Digestive System, Stomach - Human Body Anatomy - Lecture Notes, Study notes for Anatomy
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Digestive System, Stomach - Human Body Anatomy - Lecture Notes, Study notes for Anatomy

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All the human body parts are explained in some detail in this course. This course proves how important each cell in human body is important for a person living. Key points in this lecture handout are: Digestive System, ...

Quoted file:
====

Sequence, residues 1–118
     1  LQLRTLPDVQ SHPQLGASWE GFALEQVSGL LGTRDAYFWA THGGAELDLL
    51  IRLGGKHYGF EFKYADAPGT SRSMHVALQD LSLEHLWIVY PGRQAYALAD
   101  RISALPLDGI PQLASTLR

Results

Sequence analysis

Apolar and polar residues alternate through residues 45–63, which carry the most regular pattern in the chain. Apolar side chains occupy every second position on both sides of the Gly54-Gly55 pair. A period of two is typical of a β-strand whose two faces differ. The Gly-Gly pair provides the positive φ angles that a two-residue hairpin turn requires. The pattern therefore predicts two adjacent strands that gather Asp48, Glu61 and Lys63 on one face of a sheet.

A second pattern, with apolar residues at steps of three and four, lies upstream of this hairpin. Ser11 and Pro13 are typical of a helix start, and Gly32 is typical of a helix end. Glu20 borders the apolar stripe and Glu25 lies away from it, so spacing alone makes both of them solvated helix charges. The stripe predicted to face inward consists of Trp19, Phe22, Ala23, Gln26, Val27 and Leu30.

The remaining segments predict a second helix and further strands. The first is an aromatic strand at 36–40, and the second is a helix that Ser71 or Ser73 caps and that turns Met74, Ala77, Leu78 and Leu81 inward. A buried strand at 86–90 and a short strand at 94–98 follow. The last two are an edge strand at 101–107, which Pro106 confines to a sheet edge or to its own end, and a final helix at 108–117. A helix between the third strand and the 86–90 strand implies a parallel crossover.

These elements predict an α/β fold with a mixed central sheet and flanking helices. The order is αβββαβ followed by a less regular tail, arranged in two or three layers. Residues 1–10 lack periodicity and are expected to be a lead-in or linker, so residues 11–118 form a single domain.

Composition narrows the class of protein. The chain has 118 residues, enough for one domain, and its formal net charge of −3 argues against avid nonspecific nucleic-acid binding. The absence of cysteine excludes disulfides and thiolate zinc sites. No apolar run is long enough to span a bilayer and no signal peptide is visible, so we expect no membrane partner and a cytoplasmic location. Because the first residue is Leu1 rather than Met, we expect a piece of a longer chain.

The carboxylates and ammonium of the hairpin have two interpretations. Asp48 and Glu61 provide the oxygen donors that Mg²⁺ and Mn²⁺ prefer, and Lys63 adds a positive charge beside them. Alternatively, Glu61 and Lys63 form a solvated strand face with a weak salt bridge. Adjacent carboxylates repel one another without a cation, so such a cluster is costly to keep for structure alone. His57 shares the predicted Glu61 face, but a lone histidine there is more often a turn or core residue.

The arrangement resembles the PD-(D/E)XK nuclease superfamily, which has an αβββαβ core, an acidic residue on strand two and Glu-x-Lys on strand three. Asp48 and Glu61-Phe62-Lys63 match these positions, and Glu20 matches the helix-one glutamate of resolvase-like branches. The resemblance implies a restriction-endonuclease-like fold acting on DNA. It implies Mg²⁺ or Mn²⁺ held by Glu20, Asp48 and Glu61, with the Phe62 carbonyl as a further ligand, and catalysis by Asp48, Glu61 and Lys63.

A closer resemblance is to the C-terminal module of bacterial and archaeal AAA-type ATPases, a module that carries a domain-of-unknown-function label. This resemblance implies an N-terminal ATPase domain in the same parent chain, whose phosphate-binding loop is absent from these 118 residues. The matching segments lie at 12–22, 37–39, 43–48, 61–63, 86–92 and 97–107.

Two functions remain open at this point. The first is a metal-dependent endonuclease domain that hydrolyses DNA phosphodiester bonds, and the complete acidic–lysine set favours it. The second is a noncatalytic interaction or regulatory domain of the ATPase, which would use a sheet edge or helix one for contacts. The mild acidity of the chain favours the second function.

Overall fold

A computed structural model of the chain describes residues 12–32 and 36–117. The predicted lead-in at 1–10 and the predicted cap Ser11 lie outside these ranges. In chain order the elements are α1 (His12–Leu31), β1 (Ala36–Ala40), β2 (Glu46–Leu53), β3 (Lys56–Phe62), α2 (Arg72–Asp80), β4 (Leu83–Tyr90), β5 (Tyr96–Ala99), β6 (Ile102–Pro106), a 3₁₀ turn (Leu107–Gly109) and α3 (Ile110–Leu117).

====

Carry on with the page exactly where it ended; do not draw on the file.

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Stomach The stomach is divided into four areas: Cardia, fundus, body, and pylorus. •Cardia- surrounds the superior opening of the stomach near the esophagus. •Fundus- the ballon-like portion above and to the left of the cardia which acts as a temporary storage area. •Body- the large central portion of the stomach. •Pylorus- the narrow inferior region that leads to the duodenum. The pyloric sphincter is a muscular valve that that controls the flow of food from the stomach to the duodenum and prevents the regurgitation of food from the duodenum to the stomach. Digestion in the Stomach Can be divided into two phases: mechanical and chemical. •Mechanical- the muscular churning of the food contents that mixes it with the gastric juices and forms the liquid mass called chyme. The muscular movement also propels the chyme toward the duodenum, where the pyloric sphincter opens to allow small portions to enter. Digestion in the Stomach •Chemical- The digestion of protein begins here with the secretion of the enzyme, pepsin. Regulation of Gastric Secretions Stimulation •Parasympathetic impulses from the medulla via the vagus nerve –promote peristalsis –stimulate gastric glands to secrete •Sight, smell, taste, and thought –stimulate gastric secretions by activating parasympathetic nerves originating in the cerebral cortex. •Stretching of the stomach by food stimulates receptors in the wall of the stomach that send impulses to the medulla and back to the stomach. Regulation of Gastric Secretions •Partially digested protein, caffeine, and a high pH of the chyme stimulates the release of gastrin (a hormone that stimulates the secretion of gastric juices, increases parastalsis, and relaxes the pyloric sphincter. Regulation of Gastric Secretions Inhibition is controlled by sympathetic neural impulses and intestinal hormones •Control of sympathetic system –the presence of food in the small intestine causes the inhibition of the parasympathetic system and the stimulation of the sympathetic system. –Negative emotions also stimulates the sympathetic system. Regulation of Gastric Secretions